I had referred to this structure as a crane so many times I was shocked to learn that it wasn’t the case at all. Given its close proximity to the Queenston Quarry that label just seemed to fit, despite the fact that upon closer inspection there are no obvious pulley systems up top. The truth is far more interesting.
This rusted tripod is in fact a Cold War era radio microwave communications tower. It was built by Fleet Industries in the 1950s under contract from Siemens Electric, and used to calibrate large parabolic dishes that were apparently destined for the D.E.W. Line. The Distant Early Warning line was a string of radar stations north of the arctic circle which stretched all the way from Alaska to Baffin Island, tasked with monitoring the airspace for any incoming threat from the Soviet Union.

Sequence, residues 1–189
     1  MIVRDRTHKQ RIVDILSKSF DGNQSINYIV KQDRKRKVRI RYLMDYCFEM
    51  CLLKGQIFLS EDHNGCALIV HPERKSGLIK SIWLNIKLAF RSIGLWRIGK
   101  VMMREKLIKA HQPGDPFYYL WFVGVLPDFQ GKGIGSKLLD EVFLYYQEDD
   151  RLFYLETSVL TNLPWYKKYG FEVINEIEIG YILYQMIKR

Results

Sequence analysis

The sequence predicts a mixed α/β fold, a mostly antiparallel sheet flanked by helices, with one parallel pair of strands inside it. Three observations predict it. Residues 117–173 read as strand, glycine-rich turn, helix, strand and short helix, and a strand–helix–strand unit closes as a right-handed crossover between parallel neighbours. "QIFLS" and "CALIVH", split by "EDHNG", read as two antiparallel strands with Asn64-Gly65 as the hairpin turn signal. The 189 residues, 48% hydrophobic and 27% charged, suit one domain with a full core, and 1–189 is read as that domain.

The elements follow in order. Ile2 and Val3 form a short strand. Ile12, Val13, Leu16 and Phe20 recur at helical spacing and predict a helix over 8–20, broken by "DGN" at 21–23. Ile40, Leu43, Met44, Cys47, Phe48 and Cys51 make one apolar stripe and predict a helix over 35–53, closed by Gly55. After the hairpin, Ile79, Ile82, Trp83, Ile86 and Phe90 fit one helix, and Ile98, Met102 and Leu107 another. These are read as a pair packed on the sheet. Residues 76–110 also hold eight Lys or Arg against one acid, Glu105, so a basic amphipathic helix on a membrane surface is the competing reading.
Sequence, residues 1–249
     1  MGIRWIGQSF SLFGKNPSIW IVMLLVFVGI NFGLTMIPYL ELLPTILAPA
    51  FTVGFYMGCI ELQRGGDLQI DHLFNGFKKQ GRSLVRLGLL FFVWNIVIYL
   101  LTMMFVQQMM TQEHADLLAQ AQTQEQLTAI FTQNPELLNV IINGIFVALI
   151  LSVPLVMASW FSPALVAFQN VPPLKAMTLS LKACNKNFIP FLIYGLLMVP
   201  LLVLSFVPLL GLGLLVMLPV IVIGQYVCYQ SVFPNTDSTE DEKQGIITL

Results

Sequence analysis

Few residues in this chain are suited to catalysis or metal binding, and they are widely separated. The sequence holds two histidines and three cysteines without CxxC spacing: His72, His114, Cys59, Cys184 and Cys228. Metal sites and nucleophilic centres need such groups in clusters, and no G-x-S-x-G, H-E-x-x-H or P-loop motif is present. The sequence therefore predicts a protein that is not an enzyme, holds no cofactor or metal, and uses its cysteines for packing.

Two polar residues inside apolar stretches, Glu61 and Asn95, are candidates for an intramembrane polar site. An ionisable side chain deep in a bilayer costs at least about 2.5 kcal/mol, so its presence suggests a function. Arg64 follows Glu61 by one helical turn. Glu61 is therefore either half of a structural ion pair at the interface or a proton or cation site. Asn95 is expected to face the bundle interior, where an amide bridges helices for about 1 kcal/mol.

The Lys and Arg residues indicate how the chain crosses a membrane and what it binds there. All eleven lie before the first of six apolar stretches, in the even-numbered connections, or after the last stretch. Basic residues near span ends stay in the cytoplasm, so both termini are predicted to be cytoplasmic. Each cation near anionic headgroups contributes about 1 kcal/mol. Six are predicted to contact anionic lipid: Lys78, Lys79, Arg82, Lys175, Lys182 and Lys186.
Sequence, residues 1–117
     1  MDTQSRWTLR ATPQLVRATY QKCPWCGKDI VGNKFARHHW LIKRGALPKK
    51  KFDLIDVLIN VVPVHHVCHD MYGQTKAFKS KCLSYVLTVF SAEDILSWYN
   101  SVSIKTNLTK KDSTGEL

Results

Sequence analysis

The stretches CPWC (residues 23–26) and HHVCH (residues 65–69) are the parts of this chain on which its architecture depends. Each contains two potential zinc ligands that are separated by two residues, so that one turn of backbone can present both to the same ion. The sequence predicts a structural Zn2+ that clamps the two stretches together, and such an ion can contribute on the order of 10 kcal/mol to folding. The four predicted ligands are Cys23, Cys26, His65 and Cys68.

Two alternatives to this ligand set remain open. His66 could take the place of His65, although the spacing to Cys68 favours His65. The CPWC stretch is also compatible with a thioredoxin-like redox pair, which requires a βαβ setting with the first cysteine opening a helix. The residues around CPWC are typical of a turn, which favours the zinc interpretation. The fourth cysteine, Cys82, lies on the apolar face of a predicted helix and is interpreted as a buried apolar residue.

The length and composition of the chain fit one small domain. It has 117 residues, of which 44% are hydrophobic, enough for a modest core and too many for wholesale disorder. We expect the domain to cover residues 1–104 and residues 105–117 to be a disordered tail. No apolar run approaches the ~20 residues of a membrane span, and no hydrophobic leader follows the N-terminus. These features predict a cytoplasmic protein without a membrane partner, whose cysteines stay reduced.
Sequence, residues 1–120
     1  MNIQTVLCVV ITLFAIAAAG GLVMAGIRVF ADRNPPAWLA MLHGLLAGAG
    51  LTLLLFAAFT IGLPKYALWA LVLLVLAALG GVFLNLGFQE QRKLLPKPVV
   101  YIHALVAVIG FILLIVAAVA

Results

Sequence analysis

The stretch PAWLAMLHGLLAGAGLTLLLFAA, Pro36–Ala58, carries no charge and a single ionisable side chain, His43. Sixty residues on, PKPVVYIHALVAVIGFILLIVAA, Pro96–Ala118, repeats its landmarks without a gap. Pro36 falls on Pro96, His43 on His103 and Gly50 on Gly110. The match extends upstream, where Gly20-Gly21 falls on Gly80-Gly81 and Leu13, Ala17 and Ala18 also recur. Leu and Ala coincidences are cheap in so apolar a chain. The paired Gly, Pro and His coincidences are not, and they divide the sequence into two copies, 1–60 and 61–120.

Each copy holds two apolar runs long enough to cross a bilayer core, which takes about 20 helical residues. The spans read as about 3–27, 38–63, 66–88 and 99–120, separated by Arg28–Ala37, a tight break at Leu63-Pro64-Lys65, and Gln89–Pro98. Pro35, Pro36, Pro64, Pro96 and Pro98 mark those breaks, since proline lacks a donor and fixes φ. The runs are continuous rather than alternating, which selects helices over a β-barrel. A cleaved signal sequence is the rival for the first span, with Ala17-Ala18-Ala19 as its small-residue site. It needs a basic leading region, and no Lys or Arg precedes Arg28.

More than 100 dishes are said to have been tested here, calibrated by sending signals back and forth to another tower in the vicinity of Line 9 and the Niagara Parkway in the village of Queenston. I’ve yet to find the exact spot but I am looking.
If this operation required some of the tree cover on the escarpment to have been cleared, in the 50 years since most of it has grown back and the site itself is in a fair amount of disarray. The remnants of old campfires and an unfortunate amount of broken glass litter the site, which is unmarked.
A developer who was interested in building a resort (of some sort) at the now-defunct Queenston Quarry suggested memorializing this site but nothing’s come to fruition yet. That developer should get a fair amount of credit though for unveiling the history behind this spot as part of their proposal.